A method to predict temperature derivatives of the bulk modulus: A case study for HfB2

Özkan H., Delice S., HASANLI N.

Physica Scripta, vol.97, no.8, 2022 (SCI-Expanded) identifier identifier

  • Publication Type: Article / Article
  • Volume: 97 Issue: 8
  • Publication Date: 2022
  • Doi Number: 10.1088/1402-4896/ac8250
  • Journal Name: Physica Scripta
  • Journal Indexes: Science Citation Index Expanded (SCI-EXPANDED), Scopus, Aerospace Database, Chemical Abstracts Core, Compendex, INSPEC, zbMATH
  • Keywords: ultra-high temperature ceramics, HfB2, gruneisen parameter, temperature derivative of the bulk modulus, THERMODYNAMIC PROPERTIES, ELASTIC PROPERTIES, THERMAL-PROPERTIES, ZIRCONIUM, ZRB2, DEPENDENCE, PRESSURE, 1ST-PRINCIPLES, DIBORIDES, HAFNIUM
  • Middle East Technical University Affiliated: Yes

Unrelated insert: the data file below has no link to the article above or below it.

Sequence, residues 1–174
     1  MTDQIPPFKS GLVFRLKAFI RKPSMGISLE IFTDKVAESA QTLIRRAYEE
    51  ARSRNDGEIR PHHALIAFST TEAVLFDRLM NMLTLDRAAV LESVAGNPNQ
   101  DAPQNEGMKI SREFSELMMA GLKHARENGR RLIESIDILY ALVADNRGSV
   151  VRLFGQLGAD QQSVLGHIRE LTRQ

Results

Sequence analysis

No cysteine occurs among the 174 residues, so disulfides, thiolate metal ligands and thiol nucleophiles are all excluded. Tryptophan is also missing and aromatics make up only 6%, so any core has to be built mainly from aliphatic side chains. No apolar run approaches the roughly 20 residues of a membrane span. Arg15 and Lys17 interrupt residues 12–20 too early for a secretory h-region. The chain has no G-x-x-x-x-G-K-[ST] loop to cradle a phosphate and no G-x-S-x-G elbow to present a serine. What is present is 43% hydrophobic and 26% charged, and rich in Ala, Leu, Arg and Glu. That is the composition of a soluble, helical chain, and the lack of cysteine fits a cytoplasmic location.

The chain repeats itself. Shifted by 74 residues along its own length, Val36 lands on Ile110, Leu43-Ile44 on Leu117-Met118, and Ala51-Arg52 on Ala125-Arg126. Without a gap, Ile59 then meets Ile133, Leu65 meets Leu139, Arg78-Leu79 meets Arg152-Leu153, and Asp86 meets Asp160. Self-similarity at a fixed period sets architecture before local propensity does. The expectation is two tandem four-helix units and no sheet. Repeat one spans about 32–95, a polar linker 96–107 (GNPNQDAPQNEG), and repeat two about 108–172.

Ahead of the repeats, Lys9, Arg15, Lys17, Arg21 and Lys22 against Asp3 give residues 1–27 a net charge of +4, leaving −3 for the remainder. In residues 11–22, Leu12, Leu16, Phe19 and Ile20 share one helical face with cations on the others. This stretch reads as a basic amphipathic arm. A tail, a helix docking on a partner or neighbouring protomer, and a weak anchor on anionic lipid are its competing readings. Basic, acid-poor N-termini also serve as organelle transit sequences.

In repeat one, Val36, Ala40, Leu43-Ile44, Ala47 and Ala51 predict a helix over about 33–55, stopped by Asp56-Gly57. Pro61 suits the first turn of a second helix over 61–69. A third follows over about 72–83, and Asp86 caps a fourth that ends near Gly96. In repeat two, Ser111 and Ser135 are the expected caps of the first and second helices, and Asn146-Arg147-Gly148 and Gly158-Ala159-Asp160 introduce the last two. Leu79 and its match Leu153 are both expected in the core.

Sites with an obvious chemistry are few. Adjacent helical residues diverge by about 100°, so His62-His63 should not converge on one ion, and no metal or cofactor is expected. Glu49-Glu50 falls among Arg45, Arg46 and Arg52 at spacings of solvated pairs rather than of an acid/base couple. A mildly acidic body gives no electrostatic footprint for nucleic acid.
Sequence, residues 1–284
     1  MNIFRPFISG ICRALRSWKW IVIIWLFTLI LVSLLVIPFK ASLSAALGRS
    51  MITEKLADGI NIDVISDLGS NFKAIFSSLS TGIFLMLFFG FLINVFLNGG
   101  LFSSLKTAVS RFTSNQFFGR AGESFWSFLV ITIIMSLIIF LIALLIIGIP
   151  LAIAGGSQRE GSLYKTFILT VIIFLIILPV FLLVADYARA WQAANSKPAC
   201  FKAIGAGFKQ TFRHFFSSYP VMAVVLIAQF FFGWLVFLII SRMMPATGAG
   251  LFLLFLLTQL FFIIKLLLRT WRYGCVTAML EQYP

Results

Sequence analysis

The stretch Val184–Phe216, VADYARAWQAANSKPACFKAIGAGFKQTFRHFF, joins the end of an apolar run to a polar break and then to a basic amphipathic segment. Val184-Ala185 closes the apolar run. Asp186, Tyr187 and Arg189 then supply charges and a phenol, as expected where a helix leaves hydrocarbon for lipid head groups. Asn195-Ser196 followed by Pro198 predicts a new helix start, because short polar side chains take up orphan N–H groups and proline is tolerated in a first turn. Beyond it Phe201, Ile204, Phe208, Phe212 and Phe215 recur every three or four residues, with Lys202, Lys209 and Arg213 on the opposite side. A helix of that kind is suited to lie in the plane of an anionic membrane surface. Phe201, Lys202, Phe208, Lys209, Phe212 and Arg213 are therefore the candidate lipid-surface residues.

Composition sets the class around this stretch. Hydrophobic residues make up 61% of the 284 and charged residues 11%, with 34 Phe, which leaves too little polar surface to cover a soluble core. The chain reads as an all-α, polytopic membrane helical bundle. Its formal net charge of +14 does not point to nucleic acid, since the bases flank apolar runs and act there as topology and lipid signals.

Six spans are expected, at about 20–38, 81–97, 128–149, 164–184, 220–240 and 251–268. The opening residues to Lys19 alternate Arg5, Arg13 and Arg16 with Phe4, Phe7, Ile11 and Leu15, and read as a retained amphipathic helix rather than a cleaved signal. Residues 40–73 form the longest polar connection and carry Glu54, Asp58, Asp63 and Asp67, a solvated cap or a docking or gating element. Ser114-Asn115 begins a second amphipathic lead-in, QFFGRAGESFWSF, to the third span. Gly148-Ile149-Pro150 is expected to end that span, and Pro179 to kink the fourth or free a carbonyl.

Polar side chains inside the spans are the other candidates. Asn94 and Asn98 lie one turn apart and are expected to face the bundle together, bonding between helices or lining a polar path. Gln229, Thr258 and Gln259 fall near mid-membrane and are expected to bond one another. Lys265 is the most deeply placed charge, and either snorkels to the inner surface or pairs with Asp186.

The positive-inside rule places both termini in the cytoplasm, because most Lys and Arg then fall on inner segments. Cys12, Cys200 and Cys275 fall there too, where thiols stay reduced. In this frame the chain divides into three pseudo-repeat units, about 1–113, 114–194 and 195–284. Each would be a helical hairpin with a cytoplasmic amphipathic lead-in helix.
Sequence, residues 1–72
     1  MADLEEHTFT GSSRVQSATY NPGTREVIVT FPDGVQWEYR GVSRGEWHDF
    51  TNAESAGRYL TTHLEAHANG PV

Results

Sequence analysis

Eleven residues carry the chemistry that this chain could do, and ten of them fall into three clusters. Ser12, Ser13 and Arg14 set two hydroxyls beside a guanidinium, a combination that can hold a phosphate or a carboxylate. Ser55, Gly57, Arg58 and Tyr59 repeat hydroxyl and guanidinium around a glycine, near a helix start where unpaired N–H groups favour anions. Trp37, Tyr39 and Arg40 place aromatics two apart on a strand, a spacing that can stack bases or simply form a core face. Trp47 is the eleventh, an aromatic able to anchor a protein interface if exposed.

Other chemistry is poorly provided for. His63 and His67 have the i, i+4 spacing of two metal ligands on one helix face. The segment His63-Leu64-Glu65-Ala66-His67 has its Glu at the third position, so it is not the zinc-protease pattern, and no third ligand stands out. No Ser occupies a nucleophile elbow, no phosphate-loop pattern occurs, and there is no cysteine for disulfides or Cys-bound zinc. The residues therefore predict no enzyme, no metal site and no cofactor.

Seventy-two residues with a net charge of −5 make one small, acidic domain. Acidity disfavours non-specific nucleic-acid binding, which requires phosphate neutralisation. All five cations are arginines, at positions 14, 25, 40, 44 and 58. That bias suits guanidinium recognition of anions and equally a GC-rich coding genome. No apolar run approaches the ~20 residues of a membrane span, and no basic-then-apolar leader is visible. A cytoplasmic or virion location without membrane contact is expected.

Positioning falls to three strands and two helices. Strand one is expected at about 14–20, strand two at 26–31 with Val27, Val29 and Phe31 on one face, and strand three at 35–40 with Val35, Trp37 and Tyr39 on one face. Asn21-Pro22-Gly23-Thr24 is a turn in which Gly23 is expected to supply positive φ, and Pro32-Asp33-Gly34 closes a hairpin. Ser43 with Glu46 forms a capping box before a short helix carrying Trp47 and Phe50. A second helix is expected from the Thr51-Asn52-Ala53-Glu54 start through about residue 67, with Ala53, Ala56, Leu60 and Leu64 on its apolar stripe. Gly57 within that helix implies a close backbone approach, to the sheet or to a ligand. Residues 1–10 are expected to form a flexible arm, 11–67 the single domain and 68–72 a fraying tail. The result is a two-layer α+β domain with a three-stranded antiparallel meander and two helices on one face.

© 2022 IOP Publishing Ltd.Hafnium diboride (HfB2) is an ultra-high temperature ceramic that has attracted increased attention for its fascinating properties. In this study, temperature derivatives of the bulk modulus of HfB2 were calculated from room temperature up to 2273 K by using the relevant theoretical thermodynamic equations for the bulk modulus. The equations used involve the parameters as the enthalpy, thermal expansion and heat capacity in addition to the Anderson Grüneisen parameter. The calculations were performed using the pressure derivative of the bulk modulus for the Anderson Grüneisen parameter and the experimental temperature dependent values for the other parameters of the used equations. Temperature derivatives of the bulk modulus of HfB2 were found to be, −0.012/−0.013 GPa K−1 at 293 K and −0.015/−0.016 GPa K−1 at 2273 K. These values are in good agreement with the corresponding experimental data, and quite close to the corresponding values reported for ZrB2 and TiB2. However, the experimental temperature derivatives of the bulk moduli for the three diborides, TiB2, ZrB2, and HfB2 are quite smaller in magnitude than the corresponding theoretical values. The Grüneisen parameter of HfB2 decreases from 1.2 to about 1.0 with increasing temperature up to about 500 K, and then it has a small variation at higher temperatures. HfB2, with its high strength, high density and small temperature derivatives of the bulk modulus, may be useful for the aerodynamic and nuclear applications. The method presented in our studies is a practical way to predict temperature dependencies of the bulk moduli. This method may be more useful at ultra-high temperatures where the experimental bulk moduli measurements are quite difficult.